Updated: May 26, 2020
What is attic rain?
When humidity gets trapped or there is just too much inside the attic, it will build up as frost on the roof sheeting, as the temperature warms the frost will melt and drip down and starts to rain in your attic. If left unchecked, it can cause rot, mold and damages to the ceiling and exterior walls.
Why now? A house that is 100 years old may have never had attic rain in the past, but after upgrading windows and the furnace now it is starting to have problems. As we improve the efficiency of our homes it changes how all the components work together. Upgrading the windows and the installation of a HE furnace air seals the house and reduces air changes, this can increase humidity. If the humidity is allowed to escape into the attic, it can build up on the roof sheeting.
Water droplets inside your attic
Drops of water
When things start to warm in the attic, the frost starts to melt and will drip down into your insulation and eventually down to your ceiling or exterior walls.
If you have access to your attic, you can check for water stains on your insulation, some types of insulation will look like a beach after a nice rain.
Look for frost
Small localized amount of frost can occur, but if you see the majority of the sheeting covered in frost you will have attic rain.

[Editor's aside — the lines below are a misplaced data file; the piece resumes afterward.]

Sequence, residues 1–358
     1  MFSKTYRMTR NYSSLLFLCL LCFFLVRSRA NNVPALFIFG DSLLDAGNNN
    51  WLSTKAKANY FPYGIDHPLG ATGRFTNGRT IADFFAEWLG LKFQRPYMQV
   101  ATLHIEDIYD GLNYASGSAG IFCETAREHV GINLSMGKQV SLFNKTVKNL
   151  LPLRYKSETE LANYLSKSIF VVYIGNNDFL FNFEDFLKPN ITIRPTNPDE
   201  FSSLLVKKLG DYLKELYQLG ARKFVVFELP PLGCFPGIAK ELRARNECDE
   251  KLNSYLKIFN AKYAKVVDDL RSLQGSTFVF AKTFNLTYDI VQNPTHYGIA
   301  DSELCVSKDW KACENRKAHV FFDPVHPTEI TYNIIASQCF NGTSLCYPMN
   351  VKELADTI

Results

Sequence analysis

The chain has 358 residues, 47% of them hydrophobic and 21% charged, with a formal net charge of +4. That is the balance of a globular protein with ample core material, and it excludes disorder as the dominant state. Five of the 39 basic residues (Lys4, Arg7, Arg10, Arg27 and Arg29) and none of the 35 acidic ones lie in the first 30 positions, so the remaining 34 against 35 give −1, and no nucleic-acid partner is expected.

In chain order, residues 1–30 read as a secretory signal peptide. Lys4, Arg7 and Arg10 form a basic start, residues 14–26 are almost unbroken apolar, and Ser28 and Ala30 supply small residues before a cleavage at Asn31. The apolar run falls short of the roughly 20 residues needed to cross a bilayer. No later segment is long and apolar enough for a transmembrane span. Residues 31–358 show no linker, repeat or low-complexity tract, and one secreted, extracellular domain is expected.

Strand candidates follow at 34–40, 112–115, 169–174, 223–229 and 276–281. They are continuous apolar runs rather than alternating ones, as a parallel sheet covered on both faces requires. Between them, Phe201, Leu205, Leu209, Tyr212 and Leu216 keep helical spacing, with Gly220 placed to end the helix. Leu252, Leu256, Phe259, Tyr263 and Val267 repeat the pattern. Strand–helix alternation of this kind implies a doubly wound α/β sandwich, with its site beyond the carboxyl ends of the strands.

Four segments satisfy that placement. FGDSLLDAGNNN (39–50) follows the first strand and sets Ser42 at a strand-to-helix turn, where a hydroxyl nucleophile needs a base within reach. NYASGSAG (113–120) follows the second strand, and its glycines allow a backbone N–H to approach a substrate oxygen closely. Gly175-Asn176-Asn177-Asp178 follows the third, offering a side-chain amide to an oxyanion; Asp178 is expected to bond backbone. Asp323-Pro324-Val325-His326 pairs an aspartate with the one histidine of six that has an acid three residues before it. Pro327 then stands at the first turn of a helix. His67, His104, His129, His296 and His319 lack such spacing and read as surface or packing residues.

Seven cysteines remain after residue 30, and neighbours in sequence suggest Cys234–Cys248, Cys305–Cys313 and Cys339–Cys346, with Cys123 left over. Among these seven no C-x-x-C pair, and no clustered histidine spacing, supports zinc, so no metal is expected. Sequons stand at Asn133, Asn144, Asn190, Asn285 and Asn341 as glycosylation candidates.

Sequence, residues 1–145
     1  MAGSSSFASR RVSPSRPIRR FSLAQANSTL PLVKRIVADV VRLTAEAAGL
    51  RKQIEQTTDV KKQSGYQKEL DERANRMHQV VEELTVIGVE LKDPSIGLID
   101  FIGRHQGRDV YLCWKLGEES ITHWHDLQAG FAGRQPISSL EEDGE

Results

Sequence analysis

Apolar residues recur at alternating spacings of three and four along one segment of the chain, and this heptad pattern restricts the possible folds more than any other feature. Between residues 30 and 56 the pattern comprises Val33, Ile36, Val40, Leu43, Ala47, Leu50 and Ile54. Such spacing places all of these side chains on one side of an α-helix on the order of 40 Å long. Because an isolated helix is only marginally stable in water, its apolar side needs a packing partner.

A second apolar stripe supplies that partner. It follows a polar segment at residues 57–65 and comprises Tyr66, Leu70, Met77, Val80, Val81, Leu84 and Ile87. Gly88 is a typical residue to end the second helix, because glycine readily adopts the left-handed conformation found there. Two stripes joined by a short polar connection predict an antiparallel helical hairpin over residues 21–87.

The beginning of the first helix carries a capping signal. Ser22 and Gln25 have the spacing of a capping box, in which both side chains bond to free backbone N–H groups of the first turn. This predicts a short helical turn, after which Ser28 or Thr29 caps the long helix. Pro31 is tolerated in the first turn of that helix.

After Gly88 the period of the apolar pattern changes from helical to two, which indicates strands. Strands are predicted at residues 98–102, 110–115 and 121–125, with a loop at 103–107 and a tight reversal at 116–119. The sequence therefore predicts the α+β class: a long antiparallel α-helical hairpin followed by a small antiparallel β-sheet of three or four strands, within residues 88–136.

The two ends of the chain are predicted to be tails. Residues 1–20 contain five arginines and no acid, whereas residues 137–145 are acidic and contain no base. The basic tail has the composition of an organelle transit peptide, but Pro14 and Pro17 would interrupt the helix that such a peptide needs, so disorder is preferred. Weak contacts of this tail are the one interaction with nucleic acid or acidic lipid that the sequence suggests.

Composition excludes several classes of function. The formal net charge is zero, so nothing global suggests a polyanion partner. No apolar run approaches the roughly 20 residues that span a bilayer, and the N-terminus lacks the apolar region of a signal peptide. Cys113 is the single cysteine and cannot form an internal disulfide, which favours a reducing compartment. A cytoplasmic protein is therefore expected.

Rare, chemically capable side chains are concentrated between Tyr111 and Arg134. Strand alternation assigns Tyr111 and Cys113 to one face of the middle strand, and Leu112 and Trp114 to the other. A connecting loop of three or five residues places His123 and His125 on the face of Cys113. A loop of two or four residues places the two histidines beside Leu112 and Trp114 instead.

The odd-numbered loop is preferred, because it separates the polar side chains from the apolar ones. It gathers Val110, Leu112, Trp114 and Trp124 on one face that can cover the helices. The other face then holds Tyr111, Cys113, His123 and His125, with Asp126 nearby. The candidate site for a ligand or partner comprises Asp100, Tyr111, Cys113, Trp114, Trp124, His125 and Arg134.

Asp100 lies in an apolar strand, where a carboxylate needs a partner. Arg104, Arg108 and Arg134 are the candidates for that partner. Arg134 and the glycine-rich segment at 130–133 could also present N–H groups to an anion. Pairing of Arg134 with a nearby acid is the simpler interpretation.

Bathroom exhaust fans
Bathroom exhaust fans that discharge into the attic is a huge source of humidity, make sure that they discharge to the exterior.
Bathroom fan discharging into your attic
The proper type and amount of ventilation will help reduce air from being trapped in the attic, reducing the chance of frost building up.
Any penetrations in the ceiling like pot lights and attic hatches should be sealed to help reduce the chance of air loss into the attic.
What to do about it?
There are many things that can cause it and many options and ways to fix it so If you see signs or suspect you may have frost build up in your attic, you should get professional help to solve it, but here are some things you can check.
Make sure bathroom kitchen and dryers are vented to the exterior and the exhaust runs are hooked up, sealed and not kinked. Turn on your fans and see if you can find where they discharge on the exterior and confirm for air movement.
Seal off any spots for air to leak into the attic, this includes pot lights, attic hatches, exhaust fans, around interior wall electrical plugs and switches.
Reducing the humidity in the home. If your home has an HRV, make sure it is being used the filters are clean, along with the exterior intakes and exhausts. I will be talking more about HRV's in the future so keep an eye out for it.
As you can see there are many things that can affect a house and the chance of attic rain, to find out more or to book an inspection contact us.